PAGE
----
On a small post-it note by the door, I had written "H2O." My daughter looked at it quizzically.
"It's so I remember the bottles of water I put in the freezer for you to take," I explained. It's been hot this week and the girls need to stay hydrated. Had my daughter been less tired, she might have made some remark about how lame it is that I write myself notes. Sometimes fatigue is a good thing.
That's what I do, more and more these days. I write myself notes. You see, if I don't, then I almost certainly forget to remember whatever it is that I needed to remember but forgot.
Some say it's middle age. Some say it's stress. I personally think it's because I am always trying to do five things at once. Something's gotta give.
A yoga teacher of mine (a particularly serene and lovely yoga teacher), explained that we should all try to do just one thing at a time. This, she explained, would help us live in the moment. I've tried, really, but my "to do" list is simply too long. At the same time, I recognize that I'm probably not saving any actual time.
For example, if I spend ten minutes trying to do five things simultaneously, each action item is only getting twenty percent of my attention. This means that any given task is going to take five times longer than it would if I focused on it and it alone. If I did the five tasks in sequence, but only one at a time, I would end up with everything completed at the same time as I would if I did them all together. And, I would be calmer, wouldn't I?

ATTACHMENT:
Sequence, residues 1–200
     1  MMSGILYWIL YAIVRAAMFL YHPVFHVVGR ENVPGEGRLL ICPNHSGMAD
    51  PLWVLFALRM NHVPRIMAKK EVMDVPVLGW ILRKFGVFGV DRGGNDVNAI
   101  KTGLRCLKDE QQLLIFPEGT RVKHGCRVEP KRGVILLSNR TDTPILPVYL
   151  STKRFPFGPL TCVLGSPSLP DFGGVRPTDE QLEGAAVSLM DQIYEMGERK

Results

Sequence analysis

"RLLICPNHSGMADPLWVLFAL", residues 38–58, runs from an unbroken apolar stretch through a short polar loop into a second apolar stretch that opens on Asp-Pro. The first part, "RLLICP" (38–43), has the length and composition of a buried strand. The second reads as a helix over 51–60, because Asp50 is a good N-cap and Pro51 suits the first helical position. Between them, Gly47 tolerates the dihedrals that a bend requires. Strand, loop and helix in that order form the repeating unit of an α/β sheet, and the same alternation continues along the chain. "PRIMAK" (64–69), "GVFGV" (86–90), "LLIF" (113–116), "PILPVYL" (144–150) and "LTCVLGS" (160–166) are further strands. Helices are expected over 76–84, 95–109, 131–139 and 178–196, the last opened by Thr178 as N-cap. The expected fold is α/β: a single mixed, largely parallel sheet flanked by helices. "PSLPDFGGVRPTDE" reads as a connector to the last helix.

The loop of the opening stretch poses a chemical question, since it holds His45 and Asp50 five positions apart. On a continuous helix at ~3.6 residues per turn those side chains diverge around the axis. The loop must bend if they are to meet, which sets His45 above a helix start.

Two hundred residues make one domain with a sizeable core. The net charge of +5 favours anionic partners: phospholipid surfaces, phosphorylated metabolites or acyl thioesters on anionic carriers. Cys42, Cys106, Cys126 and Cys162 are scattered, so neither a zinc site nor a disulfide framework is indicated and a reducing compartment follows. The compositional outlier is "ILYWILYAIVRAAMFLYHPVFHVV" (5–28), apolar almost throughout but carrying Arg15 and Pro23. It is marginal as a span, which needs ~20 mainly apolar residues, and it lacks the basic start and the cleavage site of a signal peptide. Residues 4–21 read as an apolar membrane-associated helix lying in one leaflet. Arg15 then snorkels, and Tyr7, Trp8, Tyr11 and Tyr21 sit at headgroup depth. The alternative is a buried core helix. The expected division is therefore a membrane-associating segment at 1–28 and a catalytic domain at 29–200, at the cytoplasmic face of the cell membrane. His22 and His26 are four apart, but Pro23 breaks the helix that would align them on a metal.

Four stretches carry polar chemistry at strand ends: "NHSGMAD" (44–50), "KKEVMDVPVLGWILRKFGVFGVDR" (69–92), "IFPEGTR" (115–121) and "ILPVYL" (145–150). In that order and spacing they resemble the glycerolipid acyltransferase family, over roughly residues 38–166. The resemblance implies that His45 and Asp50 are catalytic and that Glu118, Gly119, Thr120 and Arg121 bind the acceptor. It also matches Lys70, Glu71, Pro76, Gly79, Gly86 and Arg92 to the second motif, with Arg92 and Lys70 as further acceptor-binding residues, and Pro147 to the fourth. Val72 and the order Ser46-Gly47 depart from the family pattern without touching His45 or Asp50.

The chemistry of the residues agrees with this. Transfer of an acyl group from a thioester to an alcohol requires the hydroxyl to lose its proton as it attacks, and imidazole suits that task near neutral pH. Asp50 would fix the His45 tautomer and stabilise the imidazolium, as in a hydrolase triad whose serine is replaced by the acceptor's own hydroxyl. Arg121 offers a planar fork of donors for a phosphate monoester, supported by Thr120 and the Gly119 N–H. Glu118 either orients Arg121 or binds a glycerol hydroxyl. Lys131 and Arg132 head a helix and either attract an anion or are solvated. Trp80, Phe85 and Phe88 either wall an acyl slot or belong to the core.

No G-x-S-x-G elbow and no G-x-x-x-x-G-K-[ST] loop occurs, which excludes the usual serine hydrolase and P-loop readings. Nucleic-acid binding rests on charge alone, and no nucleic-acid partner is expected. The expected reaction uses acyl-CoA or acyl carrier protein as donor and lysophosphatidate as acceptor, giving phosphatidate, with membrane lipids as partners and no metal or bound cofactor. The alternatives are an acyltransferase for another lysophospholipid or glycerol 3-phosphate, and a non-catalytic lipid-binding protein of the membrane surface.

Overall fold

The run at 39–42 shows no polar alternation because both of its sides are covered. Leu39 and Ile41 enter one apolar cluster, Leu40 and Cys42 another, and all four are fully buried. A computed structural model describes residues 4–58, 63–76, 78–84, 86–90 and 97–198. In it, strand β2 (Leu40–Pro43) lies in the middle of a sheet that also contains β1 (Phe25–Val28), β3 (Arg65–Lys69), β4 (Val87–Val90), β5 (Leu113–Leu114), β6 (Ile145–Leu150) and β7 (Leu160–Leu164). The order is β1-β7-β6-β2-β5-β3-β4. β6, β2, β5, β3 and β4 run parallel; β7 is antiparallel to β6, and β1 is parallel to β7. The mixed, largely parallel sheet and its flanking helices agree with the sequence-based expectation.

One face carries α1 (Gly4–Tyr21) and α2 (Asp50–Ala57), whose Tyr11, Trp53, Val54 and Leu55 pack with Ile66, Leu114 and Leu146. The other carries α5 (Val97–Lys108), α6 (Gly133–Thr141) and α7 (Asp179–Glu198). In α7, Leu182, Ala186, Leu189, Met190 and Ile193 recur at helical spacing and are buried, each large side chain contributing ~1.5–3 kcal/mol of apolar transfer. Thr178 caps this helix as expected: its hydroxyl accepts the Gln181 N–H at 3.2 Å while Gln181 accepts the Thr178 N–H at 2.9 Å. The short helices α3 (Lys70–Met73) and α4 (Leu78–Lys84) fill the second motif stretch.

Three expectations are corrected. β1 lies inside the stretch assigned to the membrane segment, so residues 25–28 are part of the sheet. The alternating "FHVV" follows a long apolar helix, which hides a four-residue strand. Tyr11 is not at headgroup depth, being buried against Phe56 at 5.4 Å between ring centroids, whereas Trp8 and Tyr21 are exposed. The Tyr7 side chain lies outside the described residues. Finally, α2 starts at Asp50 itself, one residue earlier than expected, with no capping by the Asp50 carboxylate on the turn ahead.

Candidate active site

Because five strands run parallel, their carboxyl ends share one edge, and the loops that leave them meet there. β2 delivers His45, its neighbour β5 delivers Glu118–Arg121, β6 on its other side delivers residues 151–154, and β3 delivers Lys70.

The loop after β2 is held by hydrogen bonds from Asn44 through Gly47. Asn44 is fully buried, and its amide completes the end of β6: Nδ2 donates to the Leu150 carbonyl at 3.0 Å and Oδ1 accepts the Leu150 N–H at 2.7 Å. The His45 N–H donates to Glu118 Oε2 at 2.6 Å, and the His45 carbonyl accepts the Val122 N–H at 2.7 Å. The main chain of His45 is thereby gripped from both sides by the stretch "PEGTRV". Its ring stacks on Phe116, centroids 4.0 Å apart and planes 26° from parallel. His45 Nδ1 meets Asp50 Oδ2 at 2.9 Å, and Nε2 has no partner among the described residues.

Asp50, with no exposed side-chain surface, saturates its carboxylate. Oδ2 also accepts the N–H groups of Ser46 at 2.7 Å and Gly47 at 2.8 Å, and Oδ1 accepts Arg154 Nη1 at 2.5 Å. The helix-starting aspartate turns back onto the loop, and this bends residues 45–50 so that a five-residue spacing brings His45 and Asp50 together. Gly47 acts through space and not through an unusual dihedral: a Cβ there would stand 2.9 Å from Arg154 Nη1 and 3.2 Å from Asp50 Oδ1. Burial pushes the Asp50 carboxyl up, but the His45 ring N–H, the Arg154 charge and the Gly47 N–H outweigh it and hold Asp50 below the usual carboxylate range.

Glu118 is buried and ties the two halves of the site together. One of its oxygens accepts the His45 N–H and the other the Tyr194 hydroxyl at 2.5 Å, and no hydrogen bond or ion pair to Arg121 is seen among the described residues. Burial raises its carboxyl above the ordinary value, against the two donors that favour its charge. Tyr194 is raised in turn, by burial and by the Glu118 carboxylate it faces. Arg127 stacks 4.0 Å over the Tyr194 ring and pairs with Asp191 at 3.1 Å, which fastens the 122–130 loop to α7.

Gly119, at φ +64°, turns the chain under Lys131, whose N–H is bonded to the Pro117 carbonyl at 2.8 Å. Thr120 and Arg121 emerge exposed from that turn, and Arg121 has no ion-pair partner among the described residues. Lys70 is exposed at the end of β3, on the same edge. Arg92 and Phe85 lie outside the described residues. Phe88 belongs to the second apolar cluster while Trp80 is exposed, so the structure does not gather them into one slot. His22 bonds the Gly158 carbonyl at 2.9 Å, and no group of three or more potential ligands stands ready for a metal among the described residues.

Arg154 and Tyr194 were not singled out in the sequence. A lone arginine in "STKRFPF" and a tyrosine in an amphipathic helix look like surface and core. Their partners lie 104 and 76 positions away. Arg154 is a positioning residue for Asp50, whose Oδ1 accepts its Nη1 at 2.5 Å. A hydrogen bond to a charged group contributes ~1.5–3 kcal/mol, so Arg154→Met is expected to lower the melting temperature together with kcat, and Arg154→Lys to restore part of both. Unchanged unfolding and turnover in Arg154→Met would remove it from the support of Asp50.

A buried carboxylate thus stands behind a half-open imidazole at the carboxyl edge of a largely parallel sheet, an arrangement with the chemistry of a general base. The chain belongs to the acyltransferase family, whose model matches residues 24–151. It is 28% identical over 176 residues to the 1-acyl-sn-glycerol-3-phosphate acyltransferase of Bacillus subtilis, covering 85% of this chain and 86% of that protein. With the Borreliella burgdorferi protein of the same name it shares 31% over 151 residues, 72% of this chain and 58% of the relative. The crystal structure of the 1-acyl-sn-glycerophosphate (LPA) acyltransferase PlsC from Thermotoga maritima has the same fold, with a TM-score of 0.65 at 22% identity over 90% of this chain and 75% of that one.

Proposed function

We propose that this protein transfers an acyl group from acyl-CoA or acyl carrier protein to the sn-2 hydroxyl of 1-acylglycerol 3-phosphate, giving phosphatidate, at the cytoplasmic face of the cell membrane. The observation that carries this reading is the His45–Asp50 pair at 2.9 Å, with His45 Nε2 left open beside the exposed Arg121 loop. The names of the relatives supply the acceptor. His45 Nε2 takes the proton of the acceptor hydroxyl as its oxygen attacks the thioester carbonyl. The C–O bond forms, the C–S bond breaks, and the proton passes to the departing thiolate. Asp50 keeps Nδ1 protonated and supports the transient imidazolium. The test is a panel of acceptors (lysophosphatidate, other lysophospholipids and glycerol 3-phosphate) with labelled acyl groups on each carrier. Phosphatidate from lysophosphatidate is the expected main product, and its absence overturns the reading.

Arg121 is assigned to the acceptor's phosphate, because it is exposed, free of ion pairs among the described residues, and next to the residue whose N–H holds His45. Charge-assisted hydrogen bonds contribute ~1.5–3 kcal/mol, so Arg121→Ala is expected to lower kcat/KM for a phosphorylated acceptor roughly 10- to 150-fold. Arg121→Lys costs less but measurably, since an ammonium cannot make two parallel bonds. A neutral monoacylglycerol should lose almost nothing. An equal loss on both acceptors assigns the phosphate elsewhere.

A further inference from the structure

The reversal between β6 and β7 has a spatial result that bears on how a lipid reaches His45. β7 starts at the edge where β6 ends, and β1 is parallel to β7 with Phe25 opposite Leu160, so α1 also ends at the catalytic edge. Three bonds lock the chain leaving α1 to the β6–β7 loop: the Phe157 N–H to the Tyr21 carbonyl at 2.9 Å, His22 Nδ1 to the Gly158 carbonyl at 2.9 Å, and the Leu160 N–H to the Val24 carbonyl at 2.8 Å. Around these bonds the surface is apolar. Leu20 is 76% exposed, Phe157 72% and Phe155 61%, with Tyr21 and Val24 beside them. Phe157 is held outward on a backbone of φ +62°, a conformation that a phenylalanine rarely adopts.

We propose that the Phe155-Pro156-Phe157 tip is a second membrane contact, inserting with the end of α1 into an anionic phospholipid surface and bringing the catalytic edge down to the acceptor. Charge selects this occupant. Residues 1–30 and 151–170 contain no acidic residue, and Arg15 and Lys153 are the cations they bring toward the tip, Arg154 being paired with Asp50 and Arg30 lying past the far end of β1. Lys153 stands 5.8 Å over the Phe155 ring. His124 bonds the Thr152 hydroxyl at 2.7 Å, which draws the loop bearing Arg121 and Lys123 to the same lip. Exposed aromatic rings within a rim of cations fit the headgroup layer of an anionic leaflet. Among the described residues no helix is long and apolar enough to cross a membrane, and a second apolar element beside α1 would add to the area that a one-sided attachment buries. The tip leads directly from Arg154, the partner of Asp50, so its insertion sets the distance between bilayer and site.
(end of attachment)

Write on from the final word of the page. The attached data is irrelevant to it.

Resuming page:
Oh sure, it all makes sense (especially if, like me, you were once on the math team). But that's not how my brain is wired. We talk about multitasking as thought it's an enviable skill. I think it's a deplorable necessity. And one that is robbing me of my short-term memory as well as my beauty sleep.
Thank goodness for post-it notes!
I would worry about my memory loss except that I hear all of my peers complain about the same thing. Doctors actually say that people with real cognitive impairments (like early onset Alzheimer's or dementia) complain less than people who are simply overworked, overtired and overstressed. They also say that the type of forgetfulness we experience indicates whether we need to worry. For example,
You don't have to worry if you go to the grocery store and forget to pick up sugar.
You do have to worry if you go to the grocery store and forget how to get back home.
For now, at least, I'm not so worried. Annoyed, irritated, inconvenienced ... yes. But, not worried. Nevertheless, I will probably mention it to my doctor when I have my next annual checkup. I'd better write myself a note so I don't forget.
Now, if only I can remember where I left those post-it notes ...